Calm Down Internet: Google Drive's Terms Are The Standard For Countless Websites, Including Gmail

from the oh-good,-this-again... dept

Remember when everyone freaked out about parts of Pinterest’s terms of service? And how, slowly but surely, word got out that the same terms can be found on virtually every website and are mostly harmless? And then everyone learned a lesson and calmed down, and would approach future terms of service with new knowledge and understanding?

Wait, scratch that last part. TNW reports that the terms of Google’s much-anticipated Drive service, which launched this week, have been treated to the same warm welcome from the Twitterverse. Someone spotted yet another variant of the “worldwide license” clause that all websites include, and before long the freakout flag was flying.

The clause in question, though admittedly scary-sounding, is routine:

When you upload or otherwise submit content to our Services, you give Google (and those we work with) a worldwide license to use, host, store, reproduce, modify, create derivative works (such as those resulting from translations, adaptations or other changes we make so that your content works better with our Services), communicate, publish, publicly perform, publicly display and distribute such content.

I hate to break it to the panicking masses, but Google is not planning on turning your spreadsheets into a touring art exhibit. A broad license like this is necessary to allow Google to operate such a service, permitting them to move the data around freely on their many servers all over the world, and display it to you (or the people you share it with) through a variety of devices and interfaces. The nightmare-labyrinth of international copyright law means that the most Google could do without such a clause is accept your data then immediately delete it—and even then someone would probably try to claim they made five unauthorized copies en route to the trash bin.

Perhaps most amusing is the fact that this piece of legal lingo doesn’t come from the Google Drive terms of service, but from Google’s overall terms for all their services. Meaning it already applies to everything from Gmail to Google Mars—so this might just be getting started. At this point, I suspect every social network and user content website online is waiting for the hammer to fall, since any one of them could be singled out at any time for yet another round. Oh well, I guess nothing beats a good freakout.

Filed Under: , ,
Companies: google, pinterest

Rate this comment as insightful
Rate this comment as funny
You have rated this comment as insightful
You have rated this comment as funny
Flag this comment as abusive/trolling/spam
You have flagged this comment
The first word has already been claimed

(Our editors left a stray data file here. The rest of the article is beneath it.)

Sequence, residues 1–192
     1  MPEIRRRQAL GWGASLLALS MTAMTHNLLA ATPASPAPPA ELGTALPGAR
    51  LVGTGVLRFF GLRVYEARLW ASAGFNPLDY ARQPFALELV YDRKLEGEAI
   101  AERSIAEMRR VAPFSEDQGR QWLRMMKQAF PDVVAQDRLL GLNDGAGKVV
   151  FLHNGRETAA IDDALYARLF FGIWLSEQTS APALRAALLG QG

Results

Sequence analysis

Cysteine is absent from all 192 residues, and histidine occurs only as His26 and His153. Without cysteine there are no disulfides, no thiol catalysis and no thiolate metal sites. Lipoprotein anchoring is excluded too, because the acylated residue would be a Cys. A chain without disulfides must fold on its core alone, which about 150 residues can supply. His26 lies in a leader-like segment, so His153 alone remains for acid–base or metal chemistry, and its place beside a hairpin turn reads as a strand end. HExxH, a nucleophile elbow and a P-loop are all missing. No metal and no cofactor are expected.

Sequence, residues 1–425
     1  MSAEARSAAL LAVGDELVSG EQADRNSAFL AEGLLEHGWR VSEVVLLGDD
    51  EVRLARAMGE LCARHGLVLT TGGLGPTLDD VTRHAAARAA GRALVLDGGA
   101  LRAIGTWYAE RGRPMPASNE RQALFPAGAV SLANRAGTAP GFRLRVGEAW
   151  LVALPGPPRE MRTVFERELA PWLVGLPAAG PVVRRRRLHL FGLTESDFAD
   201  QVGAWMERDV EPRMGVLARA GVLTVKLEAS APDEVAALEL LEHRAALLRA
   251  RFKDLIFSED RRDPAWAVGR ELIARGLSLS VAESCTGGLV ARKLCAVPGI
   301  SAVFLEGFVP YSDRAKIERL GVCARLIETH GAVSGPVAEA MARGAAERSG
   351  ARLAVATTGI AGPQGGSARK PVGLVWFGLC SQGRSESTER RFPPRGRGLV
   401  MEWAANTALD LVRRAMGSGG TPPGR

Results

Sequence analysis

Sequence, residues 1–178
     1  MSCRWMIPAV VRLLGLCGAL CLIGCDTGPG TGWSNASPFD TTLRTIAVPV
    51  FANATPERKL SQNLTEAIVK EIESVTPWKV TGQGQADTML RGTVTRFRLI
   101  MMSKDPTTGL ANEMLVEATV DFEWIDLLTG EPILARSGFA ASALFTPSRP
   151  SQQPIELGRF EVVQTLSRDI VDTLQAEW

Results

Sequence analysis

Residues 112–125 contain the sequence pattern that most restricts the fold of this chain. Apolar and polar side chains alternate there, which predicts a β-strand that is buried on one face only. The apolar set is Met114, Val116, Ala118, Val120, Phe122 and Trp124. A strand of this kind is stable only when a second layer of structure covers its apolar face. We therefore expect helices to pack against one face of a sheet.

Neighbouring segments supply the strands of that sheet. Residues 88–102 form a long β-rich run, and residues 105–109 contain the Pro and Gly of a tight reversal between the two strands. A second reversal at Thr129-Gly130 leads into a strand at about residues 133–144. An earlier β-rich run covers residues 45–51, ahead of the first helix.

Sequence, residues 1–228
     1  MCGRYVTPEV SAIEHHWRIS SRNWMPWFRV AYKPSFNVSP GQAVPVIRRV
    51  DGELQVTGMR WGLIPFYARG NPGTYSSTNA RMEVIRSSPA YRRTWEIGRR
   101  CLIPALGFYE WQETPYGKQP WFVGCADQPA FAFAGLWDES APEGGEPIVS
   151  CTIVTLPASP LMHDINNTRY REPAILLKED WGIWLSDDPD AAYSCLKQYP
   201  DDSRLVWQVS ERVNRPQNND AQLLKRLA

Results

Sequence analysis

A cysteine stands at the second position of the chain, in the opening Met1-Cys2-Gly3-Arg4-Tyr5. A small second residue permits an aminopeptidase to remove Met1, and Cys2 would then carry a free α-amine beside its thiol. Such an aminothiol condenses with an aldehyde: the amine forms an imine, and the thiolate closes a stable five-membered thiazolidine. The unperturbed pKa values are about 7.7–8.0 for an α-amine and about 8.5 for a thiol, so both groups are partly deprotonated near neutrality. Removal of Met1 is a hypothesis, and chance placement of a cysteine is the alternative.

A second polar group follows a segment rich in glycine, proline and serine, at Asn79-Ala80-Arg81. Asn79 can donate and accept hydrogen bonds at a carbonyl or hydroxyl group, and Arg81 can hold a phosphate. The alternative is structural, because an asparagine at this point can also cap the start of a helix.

The last word has already been claimed
Insightful Lightbulb icon Funny Laughing icon Abusive/trolling/spam Flag icon Insightful badge Lightbulb icon Funny badge Laughing icon Comments icon

Comments on “Calm Down Internet: Google Drive's Terms Are The Standard For Countless Websites, Including Gmail”

Subscribe: RSS Leave a comment
fairusefriendly (profile) says:

really then why doesn’t competing cloud drive services don’t have the exact same wording.

drop box
“Your Stuff & Your Privacy: By using our Services you provide us with information, files, and folders that you submit to Dropbox (together, “your stuff”). You retain full ownership to your stuff. We don’t claim any ownership to any of it. These Terms do not grant us any rights to your stuff or intellectual property except for the limited rights that are needed to run the Services, as explained below.”


Your Content: Except for material that we license to you, we don’t claim ownership of the content you provide on the service. Your content remains your content. We also don’t control, verify, or endorse the content that you and others make available on the service.”

contextual wrapping the “licence” within the scope of providing the service advertised would also allow them do what they need to do to provide the service, without taking more rights than they actually need.

sciwizam says:


Out of the $5 million Google spent on lobbying, $4million was for opposing SOPA and PIPA.

“Google’s spending may look excessive on the surface, but it’s important to note the company also spent some $4 million lobbying against SOPA and PIPA,”

Anonymous Coward says:

“We think this is an important issue and we’re watching the process closely but we haven’t taken a formal position on any specific legislation,” the spokeswoman said. – From The Hill.

I don’t know, if a corporation lobbies congress about CISPA but doesn’t tell you their stance. That’s kind of deceitful no? Why would they not tell you what position they are lobbying congress for?

Leigh Beadon (profile) says:


If you look at the Dropbox terms, the next paragraph says this: